Il bel far niente

Sometimes it takes one writer to coax another out of hibernation. Or at least that was the case for me.

The experience of re-introducing myself to my keyboard and the blank “add new post” page that has been calling my name came about because I decided one fine afternoon to re-introduce myself to the witty, colorful language of Elizabeth Gilbert. The reviews on the inside cover of Eat, Pray, Love are spot on–Gilbert is an “irresistible narrator,” “everything you would love in a tour guide” and just so darn down-to-earth that it’s hard not to take her words–and her lessons–at face value. Using colorful phrases like “as that old country-western song out of Texas goes, “I’ve been screwed and sued and tattooed...” Elizabeth Gilbert is that friend you wish you could take everywhere with you, echoing your sub-conscious and telling you, why yes, that dress does make you look 10 years older than you are, when you really just need an honest opinion–and she comes all wrapped up in a $15 paperback book. Not a bad deal. Regardless, what’s really important–and what I reflect on at this most auspicious time of year (i.e. the beginning of a new school year)– is Gilbert’s lesson on Il bel far niente, or “the beauty of doing nothing.”

In fact, this phrase epitomizes perfectly the annual beach trip that our family takes with  friends almost every summer that we’re all back together in Virginia. This summer it was back to an old haunt–Atlantic Beach, North Carolina. Even though we’ve changed over the years, luckily it’s still as beautiful as ever :)

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A couple of things happened at the beach:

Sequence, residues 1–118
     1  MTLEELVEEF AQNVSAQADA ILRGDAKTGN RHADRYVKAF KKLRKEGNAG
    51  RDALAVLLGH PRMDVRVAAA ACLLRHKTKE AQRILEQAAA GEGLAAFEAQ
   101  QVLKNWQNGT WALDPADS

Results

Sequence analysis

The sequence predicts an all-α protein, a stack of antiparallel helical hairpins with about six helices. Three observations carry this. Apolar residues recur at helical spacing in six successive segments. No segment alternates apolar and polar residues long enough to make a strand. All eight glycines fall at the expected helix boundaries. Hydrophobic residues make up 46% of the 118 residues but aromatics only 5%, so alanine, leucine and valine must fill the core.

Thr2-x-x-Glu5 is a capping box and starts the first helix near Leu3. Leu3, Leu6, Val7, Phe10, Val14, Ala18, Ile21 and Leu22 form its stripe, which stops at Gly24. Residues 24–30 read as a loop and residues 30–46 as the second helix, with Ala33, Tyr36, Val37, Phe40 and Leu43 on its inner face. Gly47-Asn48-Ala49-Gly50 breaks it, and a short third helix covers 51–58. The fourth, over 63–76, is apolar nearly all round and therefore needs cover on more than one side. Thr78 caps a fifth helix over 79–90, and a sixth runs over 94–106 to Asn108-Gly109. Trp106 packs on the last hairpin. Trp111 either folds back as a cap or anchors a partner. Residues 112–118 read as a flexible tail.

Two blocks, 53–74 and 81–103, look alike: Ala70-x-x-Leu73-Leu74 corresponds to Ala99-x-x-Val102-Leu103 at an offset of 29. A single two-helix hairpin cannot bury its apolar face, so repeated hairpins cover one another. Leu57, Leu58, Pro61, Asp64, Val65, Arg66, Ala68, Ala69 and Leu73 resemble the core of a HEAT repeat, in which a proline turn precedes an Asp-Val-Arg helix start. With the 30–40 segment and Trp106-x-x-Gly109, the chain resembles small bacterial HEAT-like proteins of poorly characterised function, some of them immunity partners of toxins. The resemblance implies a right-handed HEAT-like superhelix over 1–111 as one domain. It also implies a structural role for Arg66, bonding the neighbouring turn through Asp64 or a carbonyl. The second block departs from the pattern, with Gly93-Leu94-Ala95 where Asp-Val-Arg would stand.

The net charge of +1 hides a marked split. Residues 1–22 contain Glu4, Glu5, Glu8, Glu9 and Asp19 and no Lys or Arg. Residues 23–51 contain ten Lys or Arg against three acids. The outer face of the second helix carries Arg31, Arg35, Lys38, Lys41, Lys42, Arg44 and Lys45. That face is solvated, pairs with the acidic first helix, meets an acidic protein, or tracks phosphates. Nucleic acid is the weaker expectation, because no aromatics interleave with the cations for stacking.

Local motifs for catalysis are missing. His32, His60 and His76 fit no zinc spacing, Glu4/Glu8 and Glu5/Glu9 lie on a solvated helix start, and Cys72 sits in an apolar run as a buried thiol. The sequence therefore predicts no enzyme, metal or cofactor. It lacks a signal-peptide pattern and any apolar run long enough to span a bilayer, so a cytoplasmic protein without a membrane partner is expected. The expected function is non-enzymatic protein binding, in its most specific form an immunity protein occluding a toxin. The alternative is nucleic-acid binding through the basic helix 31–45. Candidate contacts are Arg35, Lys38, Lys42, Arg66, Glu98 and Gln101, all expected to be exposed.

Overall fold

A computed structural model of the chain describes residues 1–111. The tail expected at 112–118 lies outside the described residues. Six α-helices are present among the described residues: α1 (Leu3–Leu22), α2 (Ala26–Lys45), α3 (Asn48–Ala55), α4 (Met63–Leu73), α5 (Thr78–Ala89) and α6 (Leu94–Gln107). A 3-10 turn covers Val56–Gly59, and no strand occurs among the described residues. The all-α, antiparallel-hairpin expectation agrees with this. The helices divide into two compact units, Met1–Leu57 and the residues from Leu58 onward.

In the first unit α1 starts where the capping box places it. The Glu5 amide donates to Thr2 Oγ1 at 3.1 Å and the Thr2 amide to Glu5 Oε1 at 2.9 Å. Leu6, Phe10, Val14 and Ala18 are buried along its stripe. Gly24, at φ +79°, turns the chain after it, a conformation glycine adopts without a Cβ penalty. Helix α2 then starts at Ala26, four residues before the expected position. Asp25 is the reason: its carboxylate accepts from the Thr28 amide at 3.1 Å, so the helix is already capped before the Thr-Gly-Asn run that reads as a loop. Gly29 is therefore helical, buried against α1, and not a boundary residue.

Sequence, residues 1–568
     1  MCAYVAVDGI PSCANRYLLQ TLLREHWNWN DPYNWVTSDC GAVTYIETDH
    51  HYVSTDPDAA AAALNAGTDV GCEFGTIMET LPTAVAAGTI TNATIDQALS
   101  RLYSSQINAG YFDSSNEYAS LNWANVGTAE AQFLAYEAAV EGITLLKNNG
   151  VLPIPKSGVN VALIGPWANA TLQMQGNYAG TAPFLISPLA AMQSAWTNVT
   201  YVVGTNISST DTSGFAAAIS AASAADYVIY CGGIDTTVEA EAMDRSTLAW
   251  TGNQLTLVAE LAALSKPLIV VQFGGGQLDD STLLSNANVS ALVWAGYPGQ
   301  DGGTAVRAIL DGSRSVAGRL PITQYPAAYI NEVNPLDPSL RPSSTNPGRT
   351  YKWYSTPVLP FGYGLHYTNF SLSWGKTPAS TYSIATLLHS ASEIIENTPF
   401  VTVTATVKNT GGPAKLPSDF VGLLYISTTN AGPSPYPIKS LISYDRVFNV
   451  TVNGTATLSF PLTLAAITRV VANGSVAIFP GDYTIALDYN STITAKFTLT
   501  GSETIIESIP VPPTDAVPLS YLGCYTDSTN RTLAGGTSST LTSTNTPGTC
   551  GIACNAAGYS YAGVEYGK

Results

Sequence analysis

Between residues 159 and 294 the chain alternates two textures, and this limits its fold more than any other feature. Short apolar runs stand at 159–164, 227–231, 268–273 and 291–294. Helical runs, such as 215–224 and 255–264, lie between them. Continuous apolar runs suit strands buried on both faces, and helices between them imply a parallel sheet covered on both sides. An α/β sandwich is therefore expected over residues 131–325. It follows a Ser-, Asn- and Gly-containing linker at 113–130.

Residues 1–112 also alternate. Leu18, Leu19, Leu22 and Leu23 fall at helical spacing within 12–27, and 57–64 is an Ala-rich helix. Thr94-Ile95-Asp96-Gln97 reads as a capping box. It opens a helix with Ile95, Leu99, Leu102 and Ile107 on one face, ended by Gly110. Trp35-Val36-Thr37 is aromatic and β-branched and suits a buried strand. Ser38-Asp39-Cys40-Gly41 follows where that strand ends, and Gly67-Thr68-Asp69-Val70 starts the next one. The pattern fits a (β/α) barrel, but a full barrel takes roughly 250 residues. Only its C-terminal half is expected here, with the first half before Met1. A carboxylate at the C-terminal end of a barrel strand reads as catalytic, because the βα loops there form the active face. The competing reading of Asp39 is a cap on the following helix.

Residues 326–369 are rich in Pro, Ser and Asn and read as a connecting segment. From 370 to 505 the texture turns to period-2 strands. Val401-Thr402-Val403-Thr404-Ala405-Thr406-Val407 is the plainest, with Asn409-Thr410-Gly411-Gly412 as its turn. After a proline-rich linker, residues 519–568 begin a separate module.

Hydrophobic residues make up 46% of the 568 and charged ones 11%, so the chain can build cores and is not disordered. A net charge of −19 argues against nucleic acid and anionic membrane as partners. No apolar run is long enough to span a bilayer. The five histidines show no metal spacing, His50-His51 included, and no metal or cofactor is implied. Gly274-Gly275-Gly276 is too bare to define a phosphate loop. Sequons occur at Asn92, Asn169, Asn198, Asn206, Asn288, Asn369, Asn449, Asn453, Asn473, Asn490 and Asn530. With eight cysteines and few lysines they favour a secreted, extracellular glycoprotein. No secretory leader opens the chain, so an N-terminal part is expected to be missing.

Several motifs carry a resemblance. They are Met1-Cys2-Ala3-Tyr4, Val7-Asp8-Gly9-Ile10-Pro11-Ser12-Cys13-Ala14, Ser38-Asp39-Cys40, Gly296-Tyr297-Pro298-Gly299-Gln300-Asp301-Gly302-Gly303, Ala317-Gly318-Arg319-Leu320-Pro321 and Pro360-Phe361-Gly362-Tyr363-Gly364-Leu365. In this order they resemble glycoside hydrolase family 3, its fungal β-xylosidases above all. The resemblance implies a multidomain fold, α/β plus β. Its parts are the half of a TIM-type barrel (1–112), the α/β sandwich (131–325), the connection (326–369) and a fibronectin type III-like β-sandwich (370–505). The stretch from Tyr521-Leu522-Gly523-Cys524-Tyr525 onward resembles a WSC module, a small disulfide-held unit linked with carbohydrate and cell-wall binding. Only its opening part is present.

The twins turned 20 :)

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…and cooked (kind of). Inesha got creative with her pancakes.

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We spent time at the beach and, of course, didn’t miss our opportunity to jet ski!

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We even picked up some new music from the guys–this one has been on replay in the Premaratne house :)

All in all, between plenty of Sri Lankan food, a ladies’ afternoon out to the nail salon, lots of laughs, and jokes good and bad, the beach is always a great place to round out the summer and I’ll always relish the time we have there.

Now, I realize that my Italian vocabulary is pretty much limited to “gelato,” but that doesn’t mean that I can’t appreciate its beauty nor the fact that it is as poetic as they come. And this phrase–‘the beauty of doing nothing‘–is one that I count among the many gifts that Italian has given the world. For all practical purposes, here’s what I think it’s trying to tell us (thankfully, I can relay this in English): doing nothing really is something after all. And we owe it to ourselves to try it once in a while. Goodbye, Summer 2013! Onwards to Junior Year….!

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